Transition Brockville archive

Tag : Community power (18)

Microgrids: An idea whose time has come?

CBC News / Emily Chung / 24 January 2020

As the global population grows, so does the demand for electricity. But there are challenges, even now. More than a billion people around the world don’t have access to power grids. According to the Canada Energy Regulator, 200,000 people in Canada are not connected to the North American electrical grid and natural gas distribution pipeline systems.

We’re also seeing natural disasters and major weather events disrupt power supply, causing mass blackouts for days at a time. And when one part of the transmission system breaks down, it can paralyze the whole grid.

Enter the microgrid. A concept that’s been growing in popularity, it’s a power system that can operate independently or work in connection with bigger grids.

[ FULL ARTICLE ]

“Use community power, grassroot investment to fuel recovery”

The Energy Mix / 13 August 2020

A group of seven renewable energy co-ops from Alberta, Saskatchewan, Ontario, and Nova Scotia is calling on the federal government to emphasize community power procurement, deep energy retrofits, and smart grid development in economic stimulus responding to the COVID-19 pandemic.

“This stimulus would unlock untapped community capital for the fight against climate change, as a means to immediately create green jobs across the country and, most importantly, build a bipartisan support base for climate change action,” the co-ops write, in a June 24 letter to Infrastructure Minister Catherine McKenna, Environment and Climate Minister Jonathan Wilkinson, and Canadian Heritage Minister Steven Guilbeault.

[ FULL ARTICLE ]

Sustainable is Possible

TEDx Talks / 4 December 2013

Ma’ikwe Schaub Ludwig is the Executive Director of Dancing Rabbit Ecovillage, the pioneering sustainability educator who heads up Ecovillage Education US, and a member of the Board of Directors of the Fellowship for Intentional Community. She believes strongly that sustainability is possible, assuming we can learn to cooperate, share and assess what really makes us happy, rather than staying bought in to the material excess culture we’ve been raised in.

First Nations take pride in their sustainable energy projects

CBC News / Nicole Ireland / 05 November 2016

okikendawt-hydro-projectIndigenous communities are increasingly joining Canada’s growing clean energy economy as a way to generate revenue in a manner that is consistent with their cultural and environmental values, experts say.

​”Our people are willing and able,” says Kevin Hart, regional chief of Manitoba and the executive in charge of the alternative energy portfolio for the Assembly of First Nations.

“Through our teachings we’ve always been taught to be stewards of the land. And with that I honestly believe that First Nations people can be champions when it comes to clean and alternative energy moving forward.”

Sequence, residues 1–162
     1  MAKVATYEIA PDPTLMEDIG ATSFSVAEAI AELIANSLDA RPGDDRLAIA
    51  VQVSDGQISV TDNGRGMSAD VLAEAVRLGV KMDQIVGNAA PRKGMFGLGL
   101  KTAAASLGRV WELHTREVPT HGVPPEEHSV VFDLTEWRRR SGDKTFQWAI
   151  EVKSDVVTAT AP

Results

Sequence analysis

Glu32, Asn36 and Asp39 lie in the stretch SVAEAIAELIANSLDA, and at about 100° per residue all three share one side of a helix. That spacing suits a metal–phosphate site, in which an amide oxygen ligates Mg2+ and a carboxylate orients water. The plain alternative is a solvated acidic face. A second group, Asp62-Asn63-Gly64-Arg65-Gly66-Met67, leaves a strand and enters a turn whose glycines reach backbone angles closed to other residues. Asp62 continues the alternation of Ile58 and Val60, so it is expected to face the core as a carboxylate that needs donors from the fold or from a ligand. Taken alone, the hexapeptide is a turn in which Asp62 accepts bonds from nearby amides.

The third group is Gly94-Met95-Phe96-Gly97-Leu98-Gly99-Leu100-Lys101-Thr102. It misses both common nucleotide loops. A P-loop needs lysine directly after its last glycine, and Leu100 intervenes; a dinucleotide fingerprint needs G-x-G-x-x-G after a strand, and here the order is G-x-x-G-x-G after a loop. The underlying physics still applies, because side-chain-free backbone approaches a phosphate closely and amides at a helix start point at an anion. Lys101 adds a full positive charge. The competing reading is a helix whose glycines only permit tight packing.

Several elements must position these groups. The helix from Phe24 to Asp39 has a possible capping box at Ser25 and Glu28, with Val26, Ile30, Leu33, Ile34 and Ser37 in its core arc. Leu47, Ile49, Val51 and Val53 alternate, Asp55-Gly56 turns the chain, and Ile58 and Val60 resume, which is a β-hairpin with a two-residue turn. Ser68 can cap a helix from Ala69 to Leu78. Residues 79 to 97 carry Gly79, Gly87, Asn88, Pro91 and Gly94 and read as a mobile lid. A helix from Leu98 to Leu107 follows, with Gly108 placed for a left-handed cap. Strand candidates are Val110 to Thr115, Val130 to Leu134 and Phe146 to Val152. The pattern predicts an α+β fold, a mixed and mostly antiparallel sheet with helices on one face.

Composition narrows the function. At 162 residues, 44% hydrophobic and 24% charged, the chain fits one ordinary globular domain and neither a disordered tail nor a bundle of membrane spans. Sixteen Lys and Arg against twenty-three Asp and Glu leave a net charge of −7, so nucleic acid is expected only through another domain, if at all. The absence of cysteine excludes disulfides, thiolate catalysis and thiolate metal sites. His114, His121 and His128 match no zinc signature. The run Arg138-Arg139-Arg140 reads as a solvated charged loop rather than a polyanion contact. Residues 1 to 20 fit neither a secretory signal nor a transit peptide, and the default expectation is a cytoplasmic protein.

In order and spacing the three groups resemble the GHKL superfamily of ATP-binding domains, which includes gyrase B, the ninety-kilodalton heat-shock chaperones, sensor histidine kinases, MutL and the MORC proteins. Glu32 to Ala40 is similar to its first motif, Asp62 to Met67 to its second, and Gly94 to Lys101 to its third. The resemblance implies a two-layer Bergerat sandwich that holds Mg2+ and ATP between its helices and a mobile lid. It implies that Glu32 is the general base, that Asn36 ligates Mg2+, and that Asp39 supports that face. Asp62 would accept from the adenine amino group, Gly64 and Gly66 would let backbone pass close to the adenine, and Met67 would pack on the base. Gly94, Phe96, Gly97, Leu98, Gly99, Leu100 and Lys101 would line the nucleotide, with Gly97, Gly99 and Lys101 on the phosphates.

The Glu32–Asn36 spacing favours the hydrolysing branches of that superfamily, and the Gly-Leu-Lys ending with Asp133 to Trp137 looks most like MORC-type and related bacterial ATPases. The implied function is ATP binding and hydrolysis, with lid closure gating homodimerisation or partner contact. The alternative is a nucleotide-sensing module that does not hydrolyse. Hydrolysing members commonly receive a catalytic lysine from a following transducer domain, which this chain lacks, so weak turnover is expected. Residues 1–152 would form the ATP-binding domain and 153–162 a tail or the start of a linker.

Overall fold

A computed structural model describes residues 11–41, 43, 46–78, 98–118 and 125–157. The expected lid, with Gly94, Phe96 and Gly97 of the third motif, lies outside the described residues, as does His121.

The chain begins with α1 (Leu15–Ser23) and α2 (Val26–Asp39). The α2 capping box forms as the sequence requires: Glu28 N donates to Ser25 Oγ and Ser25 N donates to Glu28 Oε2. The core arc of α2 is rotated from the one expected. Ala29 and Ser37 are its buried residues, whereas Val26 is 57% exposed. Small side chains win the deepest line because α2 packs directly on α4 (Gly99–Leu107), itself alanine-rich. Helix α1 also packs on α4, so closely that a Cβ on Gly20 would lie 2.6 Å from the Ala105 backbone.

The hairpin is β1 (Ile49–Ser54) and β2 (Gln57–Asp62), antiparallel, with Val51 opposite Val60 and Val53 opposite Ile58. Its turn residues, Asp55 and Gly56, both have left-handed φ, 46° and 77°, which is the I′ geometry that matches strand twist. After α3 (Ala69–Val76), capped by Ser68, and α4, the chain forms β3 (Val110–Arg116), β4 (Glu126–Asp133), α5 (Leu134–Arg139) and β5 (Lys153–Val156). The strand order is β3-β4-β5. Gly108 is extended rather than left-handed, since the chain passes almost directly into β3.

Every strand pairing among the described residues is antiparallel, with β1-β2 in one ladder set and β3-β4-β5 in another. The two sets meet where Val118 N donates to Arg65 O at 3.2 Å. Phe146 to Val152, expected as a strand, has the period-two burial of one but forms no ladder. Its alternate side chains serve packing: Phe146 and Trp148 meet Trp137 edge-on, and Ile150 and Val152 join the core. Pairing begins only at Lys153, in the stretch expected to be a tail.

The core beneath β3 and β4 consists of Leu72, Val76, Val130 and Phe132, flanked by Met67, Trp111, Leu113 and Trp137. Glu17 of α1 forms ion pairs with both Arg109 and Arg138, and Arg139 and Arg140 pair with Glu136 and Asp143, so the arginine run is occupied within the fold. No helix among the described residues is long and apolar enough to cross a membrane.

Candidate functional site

[ FULL ARTICLE ]

Community energy: Power from the people

Mother Earth News / Greg Pahl / February/March 2015

windshareWouldn’t it be great if you could keep your energy dollars close to home, help create new local jobs and business opportunities, and provide greater energy security and price stability? That’s where community energy comes in. A growing number of people are discovering the many benefits of keeping their energy dollars circulating in their local economies.

Community energy reflects the idea that most of the power consumed in a locality should come from — and be owned and controlled by — the locality itself. Community energy initiatives based on local renewable resources are now emerging across the country. While these projects take a variety of forms, one common element is local ownership. Community energy encourages new ways of imagining our relationship with resources: Think local empowerment.

[ FULL ARTICLE ]

Green power projects at risk

Brockville Recorder & Times / Sabrina Bedford / 04 October 2016

transcanada-solar-projectNew community-owned solar power projects slated for development in Leeds and Grenville are at risk of not getting off the ground due to a lack of community support, according to an energy co-op.

The Ottawa Renewable Energy Co-op (OREC) has been actively developing new projects in Leeds-Grenville, however, the company says renewable energy cooperatives must now prove new projects have community backing.

David Mazur-Goulet, a spokesperson for OREC, said meeting the 50-member threshold is necessary to apply for Feed-in Tariff (FIT) contracts with the Independent Electricity System Operator (IESO) this fall.

[ FULL ARTICLE ]

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The Transition Framework

What the Transition movement does incredibly well is small-scale experiments which are practical, which resonate with local people, which look as if they’re doable, and that can engage people at a practical and meaningful level. It connects up the big issues and the local issues and shows you that change can happen at a local level.

— Julian Dobson, 21 Stories of Transition
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